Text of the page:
Why I Distrust Government

Occasionally some inquisitive mind would enquire from me as to why I so deeply distrust government. Surely, they argue, government is nothing more sinister than a collection of elected officials whose task it is to represent the interests of their electorate? After all, if the citizenry of a nation has no confidence in their elected representatives, they would see them removed from office through the popular vote and replaced by more competent officials.

This argument is, of course, highly naïve. The economic definition of a politician is a “vote maximising agent”. As stated the very purpose of a politician’s existence is to maximise the amount of votes they receive. This can be done through legitimate methods such as offering real and practical solutions to the many problems facing society, or by presenting alternative and unique approaches to issues that other candidates have been unable to effectively address. If a politician succeeds in maximising their votes, they may find themselves elected to an official position, and so doing reap the rewards of it: power, prestige, and wealth.

Problems facing society are almost always complex and long-term in nature, and it is highly unlikely that any short-term solution would succeed in addressing them effectively. When one considers that the average politician, once elected, can never be sure that they will spend more than one term in office, it is highly unlikely that they will propose genuine (and frequently unpopular or politically risky) solutions to address these problems effectively. It would serve their aims more effectively to instead present plans which grossly exaggerate performance and wholly underestimate difficulties. This is something we are all painfully familiar with.

So powerful is the allure of power, prestige, and money that more often than not politicians dispense with the socially acceptable methods of gaining votes, and instead turn to morally repugnant ways of achieving their goal. Rent-seeking behaviour and the courting of lobbies and special interest groups who hold powerful, if undeserving, sway is at the order of the day. Such activities, frequently leading to logrolling and other questionable legislative trade-offs, and the inefficiencies that go hand-in-hand with them ultimately result in society being worse off than before. Politicians are of course well known to also indulge in less sophisticated, but highly effective criminal activities in order to ensure they gain votes they would otherwise have had to do without: bribery and corruption. This despicable participation in criminality by elected officials exacerbate the costs already carried by citizens, and is most certainly a very negative social outcome.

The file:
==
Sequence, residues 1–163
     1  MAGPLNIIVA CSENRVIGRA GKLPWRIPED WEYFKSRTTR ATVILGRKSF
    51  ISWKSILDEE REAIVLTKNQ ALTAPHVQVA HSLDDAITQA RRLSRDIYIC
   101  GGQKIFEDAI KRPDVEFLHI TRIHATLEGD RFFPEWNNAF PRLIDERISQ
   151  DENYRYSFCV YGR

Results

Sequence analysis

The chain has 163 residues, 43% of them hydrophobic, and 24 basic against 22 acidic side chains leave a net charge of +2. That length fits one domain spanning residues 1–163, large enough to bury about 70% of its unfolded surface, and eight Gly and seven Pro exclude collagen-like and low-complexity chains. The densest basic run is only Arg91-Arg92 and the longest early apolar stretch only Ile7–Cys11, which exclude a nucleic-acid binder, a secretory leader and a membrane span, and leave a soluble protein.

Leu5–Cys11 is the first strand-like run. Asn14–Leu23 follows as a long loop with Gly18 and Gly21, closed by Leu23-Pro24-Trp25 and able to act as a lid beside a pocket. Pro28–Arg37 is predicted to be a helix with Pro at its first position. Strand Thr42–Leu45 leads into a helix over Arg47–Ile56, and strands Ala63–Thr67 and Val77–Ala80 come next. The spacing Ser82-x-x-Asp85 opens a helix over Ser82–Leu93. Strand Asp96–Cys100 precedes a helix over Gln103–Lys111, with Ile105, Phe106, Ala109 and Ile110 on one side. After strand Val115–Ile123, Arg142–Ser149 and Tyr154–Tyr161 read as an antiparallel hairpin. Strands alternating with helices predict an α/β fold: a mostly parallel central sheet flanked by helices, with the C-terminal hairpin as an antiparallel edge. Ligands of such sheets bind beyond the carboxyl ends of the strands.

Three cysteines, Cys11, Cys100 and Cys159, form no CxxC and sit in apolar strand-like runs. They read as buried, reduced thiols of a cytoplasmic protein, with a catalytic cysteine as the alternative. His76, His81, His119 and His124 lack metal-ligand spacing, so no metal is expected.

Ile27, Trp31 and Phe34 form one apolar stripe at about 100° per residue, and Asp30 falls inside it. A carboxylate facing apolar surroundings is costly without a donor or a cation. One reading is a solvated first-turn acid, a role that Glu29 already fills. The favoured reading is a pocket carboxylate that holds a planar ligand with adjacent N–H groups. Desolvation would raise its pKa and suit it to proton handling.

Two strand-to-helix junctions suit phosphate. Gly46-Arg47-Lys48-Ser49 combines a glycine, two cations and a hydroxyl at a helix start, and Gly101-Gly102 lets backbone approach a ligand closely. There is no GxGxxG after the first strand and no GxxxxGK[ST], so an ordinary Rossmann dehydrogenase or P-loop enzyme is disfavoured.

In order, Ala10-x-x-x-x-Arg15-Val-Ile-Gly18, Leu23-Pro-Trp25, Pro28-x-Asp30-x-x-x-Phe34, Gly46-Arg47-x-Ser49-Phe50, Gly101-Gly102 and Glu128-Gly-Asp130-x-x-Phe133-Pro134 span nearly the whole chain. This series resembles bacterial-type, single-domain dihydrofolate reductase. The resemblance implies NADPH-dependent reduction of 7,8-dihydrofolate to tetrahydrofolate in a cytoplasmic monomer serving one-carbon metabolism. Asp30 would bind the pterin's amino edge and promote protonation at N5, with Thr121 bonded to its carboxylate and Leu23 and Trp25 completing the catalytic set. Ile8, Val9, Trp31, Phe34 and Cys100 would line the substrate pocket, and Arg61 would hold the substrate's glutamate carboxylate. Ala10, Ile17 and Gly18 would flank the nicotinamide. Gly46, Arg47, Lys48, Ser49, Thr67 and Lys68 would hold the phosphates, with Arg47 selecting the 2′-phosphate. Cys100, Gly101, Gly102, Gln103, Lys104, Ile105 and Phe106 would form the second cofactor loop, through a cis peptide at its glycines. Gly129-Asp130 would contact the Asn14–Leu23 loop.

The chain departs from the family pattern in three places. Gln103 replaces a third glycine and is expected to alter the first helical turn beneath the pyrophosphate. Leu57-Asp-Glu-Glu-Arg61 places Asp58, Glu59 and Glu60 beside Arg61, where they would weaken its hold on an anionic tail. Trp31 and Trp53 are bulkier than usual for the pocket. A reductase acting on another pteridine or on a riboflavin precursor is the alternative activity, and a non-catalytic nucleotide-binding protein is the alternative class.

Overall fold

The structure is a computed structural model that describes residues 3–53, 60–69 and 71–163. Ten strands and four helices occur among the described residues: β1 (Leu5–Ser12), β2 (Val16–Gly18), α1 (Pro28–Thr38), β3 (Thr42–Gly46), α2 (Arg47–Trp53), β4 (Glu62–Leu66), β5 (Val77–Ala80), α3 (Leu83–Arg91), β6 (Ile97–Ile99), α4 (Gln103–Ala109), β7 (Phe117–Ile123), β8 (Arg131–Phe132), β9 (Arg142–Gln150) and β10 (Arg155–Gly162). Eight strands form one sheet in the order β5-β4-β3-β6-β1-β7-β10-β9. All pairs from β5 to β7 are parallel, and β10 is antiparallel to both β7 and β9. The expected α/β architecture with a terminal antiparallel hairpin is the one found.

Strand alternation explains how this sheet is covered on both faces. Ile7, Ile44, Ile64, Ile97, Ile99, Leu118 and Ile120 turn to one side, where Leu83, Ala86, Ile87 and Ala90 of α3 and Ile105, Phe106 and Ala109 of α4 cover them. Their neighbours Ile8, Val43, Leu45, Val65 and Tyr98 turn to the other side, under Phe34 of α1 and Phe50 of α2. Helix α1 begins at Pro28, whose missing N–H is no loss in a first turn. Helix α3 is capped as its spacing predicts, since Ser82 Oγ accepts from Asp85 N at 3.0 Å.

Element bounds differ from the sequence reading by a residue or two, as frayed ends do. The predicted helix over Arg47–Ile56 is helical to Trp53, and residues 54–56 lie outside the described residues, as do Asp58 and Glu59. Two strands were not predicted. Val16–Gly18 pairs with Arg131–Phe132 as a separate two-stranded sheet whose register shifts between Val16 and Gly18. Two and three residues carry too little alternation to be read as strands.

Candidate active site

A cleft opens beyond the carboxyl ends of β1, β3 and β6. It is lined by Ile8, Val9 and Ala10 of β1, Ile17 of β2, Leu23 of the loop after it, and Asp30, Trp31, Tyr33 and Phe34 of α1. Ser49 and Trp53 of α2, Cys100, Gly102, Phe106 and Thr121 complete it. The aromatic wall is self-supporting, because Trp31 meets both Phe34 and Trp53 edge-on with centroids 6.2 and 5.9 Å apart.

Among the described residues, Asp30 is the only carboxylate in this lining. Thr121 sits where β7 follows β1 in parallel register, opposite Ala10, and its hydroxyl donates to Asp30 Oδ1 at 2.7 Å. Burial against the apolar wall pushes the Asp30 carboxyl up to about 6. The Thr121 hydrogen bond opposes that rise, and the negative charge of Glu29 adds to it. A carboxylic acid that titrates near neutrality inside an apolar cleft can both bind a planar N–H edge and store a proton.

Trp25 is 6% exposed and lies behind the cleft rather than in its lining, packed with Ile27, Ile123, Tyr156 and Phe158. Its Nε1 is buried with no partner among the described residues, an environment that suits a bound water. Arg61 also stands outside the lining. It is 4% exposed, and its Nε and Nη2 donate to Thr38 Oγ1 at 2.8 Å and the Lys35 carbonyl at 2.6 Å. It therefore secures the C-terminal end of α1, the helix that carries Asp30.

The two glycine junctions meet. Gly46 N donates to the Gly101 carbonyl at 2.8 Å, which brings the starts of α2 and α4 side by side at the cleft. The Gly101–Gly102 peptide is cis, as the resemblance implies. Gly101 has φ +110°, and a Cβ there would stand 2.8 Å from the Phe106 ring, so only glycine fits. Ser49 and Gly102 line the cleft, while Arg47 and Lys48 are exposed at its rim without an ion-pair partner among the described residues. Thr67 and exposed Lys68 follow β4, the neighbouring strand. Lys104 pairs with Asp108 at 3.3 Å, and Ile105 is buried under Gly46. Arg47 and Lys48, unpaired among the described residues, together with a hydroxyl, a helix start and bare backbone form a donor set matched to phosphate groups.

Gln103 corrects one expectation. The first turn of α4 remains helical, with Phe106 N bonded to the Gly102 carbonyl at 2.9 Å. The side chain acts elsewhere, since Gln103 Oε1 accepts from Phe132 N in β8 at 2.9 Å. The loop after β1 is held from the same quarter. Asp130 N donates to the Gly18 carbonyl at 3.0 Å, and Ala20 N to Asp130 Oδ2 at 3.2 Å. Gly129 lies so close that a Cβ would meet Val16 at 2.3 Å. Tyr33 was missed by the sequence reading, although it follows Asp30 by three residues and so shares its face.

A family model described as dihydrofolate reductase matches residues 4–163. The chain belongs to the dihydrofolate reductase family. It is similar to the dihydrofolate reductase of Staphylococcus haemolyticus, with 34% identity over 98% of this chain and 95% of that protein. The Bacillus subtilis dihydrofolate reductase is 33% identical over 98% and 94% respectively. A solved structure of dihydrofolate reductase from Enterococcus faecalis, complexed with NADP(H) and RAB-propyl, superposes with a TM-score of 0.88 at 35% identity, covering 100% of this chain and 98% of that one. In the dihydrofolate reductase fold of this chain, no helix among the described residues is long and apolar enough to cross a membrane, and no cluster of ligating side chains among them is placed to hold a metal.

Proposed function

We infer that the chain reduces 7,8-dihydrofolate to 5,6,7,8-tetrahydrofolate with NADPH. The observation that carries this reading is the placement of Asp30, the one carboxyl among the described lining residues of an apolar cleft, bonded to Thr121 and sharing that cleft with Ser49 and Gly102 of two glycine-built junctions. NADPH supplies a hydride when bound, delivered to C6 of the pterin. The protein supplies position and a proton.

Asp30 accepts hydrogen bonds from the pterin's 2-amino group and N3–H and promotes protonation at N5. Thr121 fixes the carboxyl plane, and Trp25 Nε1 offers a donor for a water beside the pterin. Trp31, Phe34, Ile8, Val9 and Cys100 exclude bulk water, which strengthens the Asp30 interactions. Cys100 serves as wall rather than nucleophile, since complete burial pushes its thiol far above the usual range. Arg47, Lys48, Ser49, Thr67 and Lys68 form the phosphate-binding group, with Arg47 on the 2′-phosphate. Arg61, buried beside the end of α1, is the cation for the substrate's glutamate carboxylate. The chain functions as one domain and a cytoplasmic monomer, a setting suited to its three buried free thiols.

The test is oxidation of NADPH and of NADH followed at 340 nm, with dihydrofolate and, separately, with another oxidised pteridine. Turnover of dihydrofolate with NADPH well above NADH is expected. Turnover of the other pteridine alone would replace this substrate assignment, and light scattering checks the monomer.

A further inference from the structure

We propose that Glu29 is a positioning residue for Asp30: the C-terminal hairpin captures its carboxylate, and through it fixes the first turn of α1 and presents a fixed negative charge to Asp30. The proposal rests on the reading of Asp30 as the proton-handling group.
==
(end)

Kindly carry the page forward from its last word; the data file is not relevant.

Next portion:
If these are activities perpetrated by solitary politicians in their quest for office, then how much damage can an entire Parliament, Senate, or House of Representatives do? A cursory glance through any reputable newspaper will provide you with the answer, considering that the inefficiencies and inequities of politics are perpetrated against nations on a daily basis by their elected officials. If you happen to hail from the European Union, dear Reader, then I express my sincerest sympathies in this regard.

Considering that the electorate reserves the power to remove under-performing officials, then how do these people expect to get away with such misdeeds? It is, among other things, a problem of imperfect information: much like in economics, citizens are prevented from making efficient choices because they do not possess sufficient or appropriate information. Despite the fact that in our digital age we have access to a veritable cornucopia of information at our fingertips, people still find themselves misinformed and ignorant about important topics and issues. This asymmetry in information access, where politicians and special interest groups are privy to facts and figures obfuscated from us, or otherwise perverted through propaganda and misinformation, serves to hamstring effective electoral outcomes and encourages destructive populism. If you do not know and understand the issues, you cannot be expected to vote accordingly. In short, the bastards get away with murder because the entire system allows them to.

I am deeply distrustful of government. It is an entity that is composed of fallible individuals who seek to satisfy their own self-interest to the detriment of society, and who wield great legislative power as they do so. If we as individuals understand ourselves to be imperfect beings, then how imperfect is a collection of us who can appropriate private property, set taxes, determine which activities are criminal, and send us to war? We are all hostages of the whims of politicians, the most power-hungry and greedy class of people in existence, and that frightens me.

3 thoughts on “Why I Distrust Government

  1. And in this case we do not need tinfoil hats.
    Full body armor is required. Hyperbolic?
    Ask Chairman Moa and Stalin and Herr Hitler followers.


  2. Don’t trust the US government one bit. They warn us of terrorist attacks but can’t stop their own. Sensationalism, fear mongering. Vast majority of their followers are sheep, believing the bullshit that they spread, why they must be in the middle east, why its fine to bomb the crap out of a country and not care about refugees, why its okay to ban guns. They warn us of a terrorist attack, dam , why didn’t they warn us of yesterdays protests…the biggest threat both to US and SA is its own people.

    Liked by 1 person

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